5. Geocaching: What better way to use multi-billion dollar satellites than to find Tupperware containers in the woods with treasure inside? What? Not a sport? I beg to differ. You try wrangling young children to put on snowshoes and head into a snowstorm to find said Tupperwares, or ammo boxes as the case may be…
4. Running: I grew up hating running. “Go run a lap” was the preferred punishment of my elementary school P.E. teachers. I learned the lesson well: running = punishment, and adhered to it wholeheartedly. Fast forward a few decades when my husband and I made friends with a man possessed with the zeal of a convert. He spoke of the book Born to Run with such fervor that I finally read the darn thing. And I thought, maybe … just maybe I could give running a shot and actually embrace this dreaded activity. And I did. Last year I managed to transform myself from a couch potato into a runner and completed several 5K events. Then health issues knocked me back onto the couch. I don’t absolutely *love* running, but I want to reclaim my “I am runner” status. If I could only put down the books and lace up my shoes more often…
3. Bicycling: Wow. I can’t believe bicycling has descended to number 3 in my life. During my university days, it was definitely No. 1. But I hadn’t discovered my current numbers 2 and 1 yet.
While I enjoyed bicycling as a child, the love of zooming down hills laid dormant during my middle and high school years. And then came the advent of mountain biking and I bought one. Only to have a jerko guy take me on my first dirt ride that was *way* beyond my ability. The bike collected dust, but I brought it with me to UC Santa Cruz anyway when I moved there to study Literature. (books!!!) There may have been a really awesome guy who encouraged me to dust off the mountain bike to explore and enjoy all the awesome terrain around campus and the larger area. Freed from the tyranny of the bus system and speeds far beyond mere feet thrilled me into using my bike for almost all of my transportation needs. The joy of learning to maneuver over and through the obstacles found on dirt roads and single tracks kept me in the saddle and spinning the peddles. And there was that awesome guy to spend time with. After one quarter of riding to classes, I went from “Oh, I’d hit someone on the walking paths” to weaving through the other students as a moving Super-G Slalom course. And I never did hit any of them.
2. Downhill Skiing: While I grew up body surfing (which almost made the list, but got bumped) at the beaches of Southern California, my husband grew up shredding down frozen water with two sticks on his feet in the Sierra Nevada Mountains. I attempted the sport a few times while dating and early in our marriage, but happily left it behind while we pursued eight years of No. 1. Parenthood forced us out of our immersion in that lifestyle and our thoughts turned back to the mountains. We now live a twenty-minute drive from the world-famous Sun Valley Ski Resort — home of the very first chair lift. Being married to a skier and giving birth to skiers meant that I wanted to be a skier, too. I took up the sport seriously eight years ago. After enough lessons and time on the snow, I finally heard the golden words from my expert-skier husband (who never gives false compliments), “You’re skiing really well.” I think the heavens opened and the angels sang. Or maybe I just needed lunch.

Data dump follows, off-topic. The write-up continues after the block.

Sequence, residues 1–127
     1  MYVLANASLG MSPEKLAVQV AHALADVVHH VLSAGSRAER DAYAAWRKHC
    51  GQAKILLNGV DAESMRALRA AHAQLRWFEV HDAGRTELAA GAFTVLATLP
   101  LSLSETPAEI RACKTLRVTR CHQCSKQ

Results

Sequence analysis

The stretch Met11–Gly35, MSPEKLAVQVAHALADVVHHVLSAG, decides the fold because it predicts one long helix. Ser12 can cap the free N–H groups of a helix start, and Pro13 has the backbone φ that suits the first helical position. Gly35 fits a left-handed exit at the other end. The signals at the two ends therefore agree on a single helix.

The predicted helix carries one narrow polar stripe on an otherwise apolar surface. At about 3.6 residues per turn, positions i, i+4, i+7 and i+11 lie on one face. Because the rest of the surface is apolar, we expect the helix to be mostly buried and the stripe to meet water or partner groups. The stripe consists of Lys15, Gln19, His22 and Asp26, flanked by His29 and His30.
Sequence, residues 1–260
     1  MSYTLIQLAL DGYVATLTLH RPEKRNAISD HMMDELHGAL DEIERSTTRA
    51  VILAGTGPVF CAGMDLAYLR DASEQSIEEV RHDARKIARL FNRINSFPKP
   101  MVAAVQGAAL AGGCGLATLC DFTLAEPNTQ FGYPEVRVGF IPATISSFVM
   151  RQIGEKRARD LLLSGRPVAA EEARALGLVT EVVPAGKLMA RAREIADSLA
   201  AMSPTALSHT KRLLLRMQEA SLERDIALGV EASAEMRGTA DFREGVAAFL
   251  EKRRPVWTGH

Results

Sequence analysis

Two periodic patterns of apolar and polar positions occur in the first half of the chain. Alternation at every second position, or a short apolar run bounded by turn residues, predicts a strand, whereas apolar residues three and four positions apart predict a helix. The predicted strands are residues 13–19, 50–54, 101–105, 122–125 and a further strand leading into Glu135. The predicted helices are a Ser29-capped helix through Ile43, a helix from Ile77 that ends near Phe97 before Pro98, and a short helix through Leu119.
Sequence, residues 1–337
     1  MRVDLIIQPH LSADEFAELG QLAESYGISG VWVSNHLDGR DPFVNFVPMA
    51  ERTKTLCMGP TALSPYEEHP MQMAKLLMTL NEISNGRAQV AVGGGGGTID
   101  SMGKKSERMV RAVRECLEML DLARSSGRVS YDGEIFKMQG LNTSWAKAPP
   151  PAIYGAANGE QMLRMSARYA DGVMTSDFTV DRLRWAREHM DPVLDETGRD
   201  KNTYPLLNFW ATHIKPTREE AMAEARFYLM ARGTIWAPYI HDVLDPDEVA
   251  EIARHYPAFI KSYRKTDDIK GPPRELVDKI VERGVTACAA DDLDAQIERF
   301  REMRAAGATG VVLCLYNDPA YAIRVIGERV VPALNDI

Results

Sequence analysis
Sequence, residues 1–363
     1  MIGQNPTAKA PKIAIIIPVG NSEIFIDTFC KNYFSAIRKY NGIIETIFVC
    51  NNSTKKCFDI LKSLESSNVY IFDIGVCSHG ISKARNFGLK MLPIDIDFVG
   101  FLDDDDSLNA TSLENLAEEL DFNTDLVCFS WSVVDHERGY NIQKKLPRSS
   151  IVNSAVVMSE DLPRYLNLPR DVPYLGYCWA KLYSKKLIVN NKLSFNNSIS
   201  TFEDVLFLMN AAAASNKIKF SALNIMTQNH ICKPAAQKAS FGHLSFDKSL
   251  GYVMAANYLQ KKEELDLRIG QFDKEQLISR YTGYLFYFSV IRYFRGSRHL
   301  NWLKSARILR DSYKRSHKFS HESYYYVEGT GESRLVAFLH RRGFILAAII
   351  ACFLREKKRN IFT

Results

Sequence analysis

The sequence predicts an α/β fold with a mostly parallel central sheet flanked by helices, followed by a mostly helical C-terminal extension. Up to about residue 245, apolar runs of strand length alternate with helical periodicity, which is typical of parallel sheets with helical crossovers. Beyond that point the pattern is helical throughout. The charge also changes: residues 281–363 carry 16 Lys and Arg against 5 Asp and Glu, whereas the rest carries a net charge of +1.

The time and effort required to finally understand the dynamics of skiing and gain the confidence to hurl my body down mountains at high speeds has been worth it. Skiing is a terrific family sport. Mix in enough hot chocolate breaks, and it’s something you can do all day with young children. Run enough salt baths for sore muscles and mom can keep getting out there with older children who say things like, “Oh. You’re getting fast enough to keep up with me.”
1. Sailing: Remember that handsome guy with the bicycle? After mastering mountain biking and earning degrees, he and I moved onto a sailboat and eventually married. Yeah, yeah, wrong order. Mandolin, a Cal 34 sloop, was our home for eight years. It came complete with bed, galley, comfy seating, and not nearly enough storage for all the books I had gathered as an English Literature major. I must really love that man.
Sailing is a sport that has so many facets. I have both raced and cruised; day-sailed and navigated across oceans; berthed in high-priced marinas and anchored far away from any evidence of civilization. There is an old adage, “If you would teach a man to pray, send him to sea.” We came across it soon after arriving in New Zealand having sailed from Mexico and through the South Pacific islands.
On the open ocean out of sight of land, I always enter a sense of timelessness. The wind and waves are doing what they have always done since creation. The dynamics of wind and sail, hull and ocean are the same since mankind first discovered they could be utilized for travel and transportation of goods. Utilized, not harnessed. No mortal harnesses the power and majesty of the ocean nor the winds that blow across its surface. No, one must respectfully submit in humble cooperation to the physical laws governing a sailing vessel upon the waters if one would attain the desired destination.
“If you would teach a man to pray, send him to sea.”
The adage certainly proved true for my husband and me.
(Honorable Mention) On the Couch with Coffee and a Book: This is by far my favorite activity. It’s a wonder that I ever get out the door to do any of the others.